Location: Sendai and Ishinomaki, Miyagi Prefecture
Host: Trip was done in cooperation with Umari and scallop fishermen in Ishinomaki
Duration: October 27-28, 2012
Impressions of the Trip:
Roshni first went to Ishinomaki in August, 2011, just months after the March 11th earthquake and tsunami devastated the town, washing away much of the coastal infrastructure, including the boats, farms, and farmhouses that formed the backbone of many residents’ livelihoods. Many beloved community members were lost that day. The stillness and beauty of the clear skies and sparkling water was an eerie contrast to the ruined town.At that time, kilometers away from the ocean, she noticed that the watermark on the walls of the buildings (showing how high the tsunami waters had remained) was several feet above her head. Along with several other volunteers, Roshni set up food stalls and carnival games for the town’s children, many of whom were dressed in donated clothing several sizes too big.
More than a year later, we returned to Ishinomaki together to find a place still recovering, but looking and feeling much more like the vibrant town it used to be. We started the day by meeting Abe-san and his son, who work with a small team of scallop fishermen to grow and harvest scallops in the coastal waters of Ishinomaki. The Abes grow scallop seeds into full grown scallops on a three year life cycle. First, they collect tiny scallops in their floating, plankton stage by hanging bags filled with a fine net, or else rope threaded with heavy-duty plastic barbs, for the tiny animals to attach to. The scallops attach and begin to develop into tiny bivalves, and when the nets or barbed ropes are hauled up a year later, the Abes can pick the tiny scallops off of the materials for cultivation. Next, the scallops are put in special nets and transported by boat to ideal locations on lines anchored to buoys where they can reach full maturity. Prior to 3.11, the Abes were working with a stock of 80% mature, adult scallops and 20% immature scallops, but since scallop stocks were ravaged by the tsunami, the family is now contending with 80% immature scallops, and only 20% mature, adult scallops.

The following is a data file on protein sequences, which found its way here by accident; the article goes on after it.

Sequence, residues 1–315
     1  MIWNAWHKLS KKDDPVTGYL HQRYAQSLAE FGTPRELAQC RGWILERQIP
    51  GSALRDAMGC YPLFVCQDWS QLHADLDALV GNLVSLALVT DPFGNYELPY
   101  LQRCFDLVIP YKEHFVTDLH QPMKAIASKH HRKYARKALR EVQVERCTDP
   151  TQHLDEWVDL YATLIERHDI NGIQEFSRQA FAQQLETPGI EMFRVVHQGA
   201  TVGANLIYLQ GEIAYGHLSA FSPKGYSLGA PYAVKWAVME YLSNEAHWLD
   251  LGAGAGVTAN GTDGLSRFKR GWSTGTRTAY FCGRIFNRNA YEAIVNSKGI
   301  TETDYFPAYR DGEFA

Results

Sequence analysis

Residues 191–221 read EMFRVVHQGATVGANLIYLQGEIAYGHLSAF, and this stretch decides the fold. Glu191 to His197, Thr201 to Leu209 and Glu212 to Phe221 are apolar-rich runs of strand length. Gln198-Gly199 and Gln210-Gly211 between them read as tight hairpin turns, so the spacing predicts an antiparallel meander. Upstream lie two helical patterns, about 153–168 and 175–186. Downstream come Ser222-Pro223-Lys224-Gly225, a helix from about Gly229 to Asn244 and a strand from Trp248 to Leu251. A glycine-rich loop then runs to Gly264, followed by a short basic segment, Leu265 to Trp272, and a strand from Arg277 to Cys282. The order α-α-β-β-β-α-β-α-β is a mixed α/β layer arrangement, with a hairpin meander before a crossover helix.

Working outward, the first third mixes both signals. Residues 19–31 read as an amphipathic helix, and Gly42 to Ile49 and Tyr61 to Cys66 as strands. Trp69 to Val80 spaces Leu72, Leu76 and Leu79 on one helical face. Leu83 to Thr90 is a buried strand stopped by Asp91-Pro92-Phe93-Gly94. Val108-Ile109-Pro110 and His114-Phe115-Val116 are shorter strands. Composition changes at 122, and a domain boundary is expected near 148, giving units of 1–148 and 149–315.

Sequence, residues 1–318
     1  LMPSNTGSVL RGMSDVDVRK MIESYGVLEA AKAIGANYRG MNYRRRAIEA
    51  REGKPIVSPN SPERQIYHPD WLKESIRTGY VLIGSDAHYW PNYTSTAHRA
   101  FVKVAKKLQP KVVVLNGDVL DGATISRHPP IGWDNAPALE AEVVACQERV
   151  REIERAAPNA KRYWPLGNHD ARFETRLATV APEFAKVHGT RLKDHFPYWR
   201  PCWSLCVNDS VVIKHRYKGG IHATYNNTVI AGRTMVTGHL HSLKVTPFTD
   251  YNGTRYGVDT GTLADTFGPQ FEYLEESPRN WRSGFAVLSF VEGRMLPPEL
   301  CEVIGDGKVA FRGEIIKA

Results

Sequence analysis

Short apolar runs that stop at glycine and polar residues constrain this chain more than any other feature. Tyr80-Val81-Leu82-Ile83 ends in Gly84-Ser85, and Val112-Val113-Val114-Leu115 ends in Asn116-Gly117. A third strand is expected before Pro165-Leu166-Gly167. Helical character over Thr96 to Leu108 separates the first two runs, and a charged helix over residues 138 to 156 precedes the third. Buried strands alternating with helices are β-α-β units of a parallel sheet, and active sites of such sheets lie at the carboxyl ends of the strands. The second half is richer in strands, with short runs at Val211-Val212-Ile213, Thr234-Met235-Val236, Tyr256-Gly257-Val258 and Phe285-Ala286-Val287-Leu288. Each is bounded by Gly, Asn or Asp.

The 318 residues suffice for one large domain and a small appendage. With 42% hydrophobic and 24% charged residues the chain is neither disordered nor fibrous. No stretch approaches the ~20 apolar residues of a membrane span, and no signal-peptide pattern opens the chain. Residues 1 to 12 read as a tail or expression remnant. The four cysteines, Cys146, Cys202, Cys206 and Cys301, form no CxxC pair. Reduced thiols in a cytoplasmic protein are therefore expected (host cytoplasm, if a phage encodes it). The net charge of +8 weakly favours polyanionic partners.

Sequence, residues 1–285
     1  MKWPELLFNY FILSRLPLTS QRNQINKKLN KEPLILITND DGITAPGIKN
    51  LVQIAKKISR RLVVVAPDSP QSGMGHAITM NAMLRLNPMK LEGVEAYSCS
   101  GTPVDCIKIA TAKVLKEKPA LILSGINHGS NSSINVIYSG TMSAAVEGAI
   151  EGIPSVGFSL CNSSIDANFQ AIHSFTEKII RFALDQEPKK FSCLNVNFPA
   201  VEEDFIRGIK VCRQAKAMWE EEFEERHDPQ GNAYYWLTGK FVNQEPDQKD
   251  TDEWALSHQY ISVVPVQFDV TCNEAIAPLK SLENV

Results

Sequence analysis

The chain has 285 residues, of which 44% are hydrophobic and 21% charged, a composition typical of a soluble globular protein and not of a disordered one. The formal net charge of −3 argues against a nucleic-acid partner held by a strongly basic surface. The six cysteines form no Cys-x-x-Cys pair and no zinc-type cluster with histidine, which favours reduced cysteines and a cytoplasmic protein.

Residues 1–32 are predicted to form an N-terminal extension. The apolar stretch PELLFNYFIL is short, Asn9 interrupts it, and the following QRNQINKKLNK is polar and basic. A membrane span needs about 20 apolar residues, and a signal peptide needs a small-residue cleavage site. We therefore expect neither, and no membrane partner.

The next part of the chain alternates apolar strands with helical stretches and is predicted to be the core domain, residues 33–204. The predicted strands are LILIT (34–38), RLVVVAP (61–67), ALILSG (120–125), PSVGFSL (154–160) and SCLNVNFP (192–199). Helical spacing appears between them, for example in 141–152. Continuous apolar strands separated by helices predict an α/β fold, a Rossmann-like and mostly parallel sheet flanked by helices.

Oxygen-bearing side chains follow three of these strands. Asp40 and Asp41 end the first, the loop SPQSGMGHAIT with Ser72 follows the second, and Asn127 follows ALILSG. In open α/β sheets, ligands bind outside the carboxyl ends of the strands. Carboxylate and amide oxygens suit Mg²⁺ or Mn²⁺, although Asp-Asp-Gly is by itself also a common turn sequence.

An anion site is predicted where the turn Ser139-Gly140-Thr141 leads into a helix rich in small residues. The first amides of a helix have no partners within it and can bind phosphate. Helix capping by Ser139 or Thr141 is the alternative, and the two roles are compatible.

10 of the 18 boats owned by members of the Abes’ close community were destroyed in the tsunami, and throughout the day we heard some heart-wrenching stories about the trials and tragedies the fishing community faced on March 11, 2011. The older Mr. Abe told us that one of the local fisherman was on his boat at the time of the disaster and realized that he had no chance of surviving the tsunami. He tied himself to his boat so that his body could be found and returned to his family. “Those are the kinds of things that we were thinking about that day,” Mr. Abe shared.
Although the Abes and their team currently live in temporary housing with other tsunami survivors who lost their homes, they have been able to rebuild their scallop farm, a seaweed processing plant, and other critical infrastructure to get their operations up and running again. They are currently focused on selling live scallops directly to consumers via commercial express delivery service (Japan’s “Black Cat”). A package of 10 freshly harvested scallops go for 1500 yen, a fraction of what they would cost if offered via a wholesaler or supermarket.
再生，or regeneration. Much the same way the Abes’ scallops are slowly multiplying and building up to their pre-3.11 levels, the Abes’ business, infrastructure, and the surrounding community is rebuilding, regrouping, and attempting not to just return to their previous livelihoods, but to adapt, change, and grow their community into something better.